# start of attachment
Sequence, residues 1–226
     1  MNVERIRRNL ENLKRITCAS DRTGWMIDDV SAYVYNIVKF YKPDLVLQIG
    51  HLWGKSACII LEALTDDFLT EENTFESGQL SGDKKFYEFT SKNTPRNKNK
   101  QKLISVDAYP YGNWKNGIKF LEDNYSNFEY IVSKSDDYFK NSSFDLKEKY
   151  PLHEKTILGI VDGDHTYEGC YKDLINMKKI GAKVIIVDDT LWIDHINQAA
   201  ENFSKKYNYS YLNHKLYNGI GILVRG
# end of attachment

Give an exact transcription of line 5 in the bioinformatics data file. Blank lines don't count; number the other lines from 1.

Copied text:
   151  PLHEKTILGI VDGDHTYEGC YKDLINMKKI GAKVIIVDDT LWIDHINQAA